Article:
Flower bed soil recipe.

Discussion in 'Soils, Fertilizers and Composting' started by FunGarden, Mar 14, 2005.

  1. FunGarden

    FunGarden Member

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    Hi,
    I have yellow/brown clay soil in my backyard (new subdivision). What is a good proportion to mix existing clay with black soil, sand, peat moss and compost for a flower bed? Is there anything else I should add?
    Thank you.
     
  2. Ron B

    Ron B Paragon of Plants 10 Years

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    Depends on the texture of existing soil. Probably better to plant in a berm or raised bed of good topsoil dumped onto the existing soil anyway, if you are sure your existing soil is unsuitable for planting.
     
  3. FunGarden

    FunGarden Member

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    The soil is mostly dark colored clay with yellow clay chunks in it. Yellow is pretty hard to break up and when moistened – very plastic.
    I’m thinking of raised flower bed. I don’t want just to replace existing soil with top soil, but rather add other materials to improve drainage and air circulation for the plants.
    What are the proportions of substances in a good fertile soil?
     
  4. Ron B

    Ron B Paragon of Plants 10 Years

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    A little clay goes a long way, it would be alot easier and probably more successful to place topsoil on top of the existing soil if you want a coarser texture. There is also the problem of an amended soil returning to its original condition over time, as the amendments decompose. If the mineral component has a good proportion of sand and silt, this is less of a problem than if it is a clay soil, that will eventually reconsolidate if not reworking periodically.
     
  5. Ralph Walton

    Ralph Walton Active Member 10 Years

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    Depending on who you believe and what you are planting, "ideal" soil proportions (clay/sand/humus) range around 33:33:33 to 20:50:30 to "over 10% clay is heavy soil".
    I think Ron may be alluding to the fact that your clay has much more ability to "amend" your amendments than visa versa.
    On the other hand, if you're not trying to amend the whole farm, a truckload of decent, humusy (is that a word?) topsoil will go a long way in a garden. Maybe I should say "on" a garden, as soil delivery is only the first (and easiest) step. Then you have to dig it in.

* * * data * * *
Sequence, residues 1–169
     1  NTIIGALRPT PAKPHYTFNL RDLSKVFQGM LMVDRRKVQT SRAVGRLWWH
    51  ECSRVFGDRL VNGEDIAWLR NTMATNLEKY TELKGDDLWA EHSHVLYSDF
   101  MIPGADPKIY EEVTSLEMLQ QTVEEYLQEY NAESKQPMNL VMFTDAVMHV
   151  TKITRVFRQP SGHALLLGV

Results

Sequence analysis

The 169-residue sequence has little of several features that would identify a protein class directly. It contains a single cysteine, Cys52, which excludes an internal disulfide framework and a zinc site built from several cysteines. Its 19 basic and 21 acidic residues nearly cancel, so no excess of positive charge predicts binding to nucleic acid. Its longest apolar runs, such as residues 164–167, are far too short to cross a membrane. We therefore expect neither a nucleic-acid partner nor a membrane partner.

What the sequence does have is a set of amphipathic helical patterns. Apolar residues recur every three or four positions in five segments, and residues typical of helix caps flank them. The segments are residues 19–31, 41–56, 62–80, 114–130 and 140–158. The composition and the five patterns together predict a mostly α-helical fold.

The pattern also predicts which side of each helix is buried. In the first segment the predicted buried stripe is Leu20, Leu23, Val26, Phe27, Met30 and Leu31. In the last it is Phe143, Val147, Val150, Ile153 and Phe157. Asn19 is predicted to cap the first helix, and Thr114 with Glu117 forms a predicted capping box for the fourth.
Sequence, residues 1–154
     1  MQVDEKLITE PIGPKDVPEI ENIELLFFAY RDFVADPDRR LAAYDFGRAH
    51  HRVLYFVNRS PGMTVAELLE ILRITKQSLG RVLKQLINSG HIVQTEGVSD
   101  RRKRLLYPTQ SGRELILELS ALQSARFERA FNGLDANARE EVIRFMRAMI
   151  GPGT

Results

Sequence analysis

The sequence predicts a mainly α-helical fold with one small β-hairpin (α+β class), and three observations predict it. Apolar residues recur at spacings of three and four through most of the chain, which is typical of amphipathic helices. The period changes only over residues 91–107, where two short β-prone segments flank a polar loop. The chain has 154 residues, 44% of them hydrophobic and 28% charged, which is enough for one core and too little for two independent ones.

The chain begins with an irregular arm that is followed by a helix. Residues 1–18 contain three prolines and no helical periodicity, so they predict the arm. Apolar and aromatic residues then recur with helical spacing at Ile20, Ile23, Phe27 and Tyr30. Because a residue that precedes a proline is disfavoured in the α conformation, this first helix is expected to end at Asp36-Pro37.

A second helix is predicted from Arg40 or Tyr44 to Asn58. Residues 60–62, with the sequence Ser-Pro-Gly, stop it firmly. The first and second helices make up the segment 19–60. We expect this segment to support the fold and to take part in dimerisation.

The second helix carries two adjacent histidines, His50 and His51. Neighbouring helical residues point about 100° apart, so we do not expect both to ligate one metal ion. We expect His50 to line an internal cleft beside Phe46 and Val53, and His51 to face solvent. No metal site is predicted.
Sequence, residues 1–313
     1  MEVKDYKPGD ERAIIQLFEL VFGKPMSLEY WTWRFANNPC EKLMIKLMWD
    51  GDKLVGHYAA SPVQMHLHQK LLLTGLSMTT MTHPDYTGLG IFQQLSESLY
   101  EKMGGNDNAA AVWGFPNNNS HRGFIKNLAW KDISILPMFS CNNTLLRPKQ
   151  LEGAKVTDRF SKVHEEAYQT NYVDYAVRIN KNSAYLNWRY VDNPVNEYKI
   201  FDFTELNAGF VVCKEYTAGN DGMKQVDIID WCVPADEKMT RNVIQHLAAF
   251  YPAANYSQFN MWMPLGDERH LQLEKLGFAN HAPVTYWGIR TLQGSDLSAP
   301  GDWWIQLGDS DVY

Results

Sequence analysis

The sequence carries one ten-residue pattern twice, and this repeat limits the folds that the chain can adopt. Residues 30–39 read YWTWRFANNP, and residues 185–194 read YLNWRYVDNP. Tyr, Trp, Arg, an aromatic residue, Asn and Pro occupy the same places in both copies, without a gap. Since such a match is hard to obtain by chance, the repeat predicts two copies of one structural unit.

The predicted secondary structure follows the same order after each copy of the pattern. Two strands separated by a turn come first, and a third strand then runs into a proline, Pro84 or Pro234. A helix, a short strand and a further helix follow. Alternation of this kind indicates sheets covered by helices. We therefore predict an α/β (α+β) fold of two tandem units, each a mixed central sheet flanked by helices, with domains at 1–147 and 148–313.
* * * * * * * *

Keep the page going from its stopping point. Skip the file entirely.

Let your clay dry enough that it will not just form a heavy paste when you till it, but not so dry that it won't let you in. Till, then add 2-3" of topsoil, and till that in, and repeat. This way you will end up with a gradual transition from un-disturbed soil at the bottom to the most heavily amended layer on top.
    If you are adding less than truckload quantities, like bags of peat and sand and compost, then try to estimate the 33:33:33 ratio, and take comfort in knowing that you have made some progress, and there's always next year.
    Ralph
     
  6. FunGarden

    FunGarden Member

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    Thank you. I think 33:33:33 formula will work well.
     
  7. MIS

    MIS Member

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    I'm new to soil prepeartion:
    What kind of Sand is recomended. The regular Play Sand found in Home Depot type places or something else.

    Any reomndation how to ensure 33:33:33,because the compactness and volume of Peat differes so much wth Sand and Compost.

    Thanks
     
  8. Ralph Walton

    Ralph Walton Active Member 10 Years

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    I use "fluffed up" peat in my formulations, and yes HD Playsand is OK. Use a 5 gallon pail and fill one pail with each component. Adjust the total amount of each batch so it will fit in your cement mixer (the nursery's best friend for soil mixing). My rooting mix for instance is 5 gal peat + 5 gal perlite + 6 litres of water. That's for grapes; other plants may do better with a different recipe.
    For larger amounts it's a lot like making bread where you check the texture from time to time and add whatever you think it needs at that stage.
    Ralph
     

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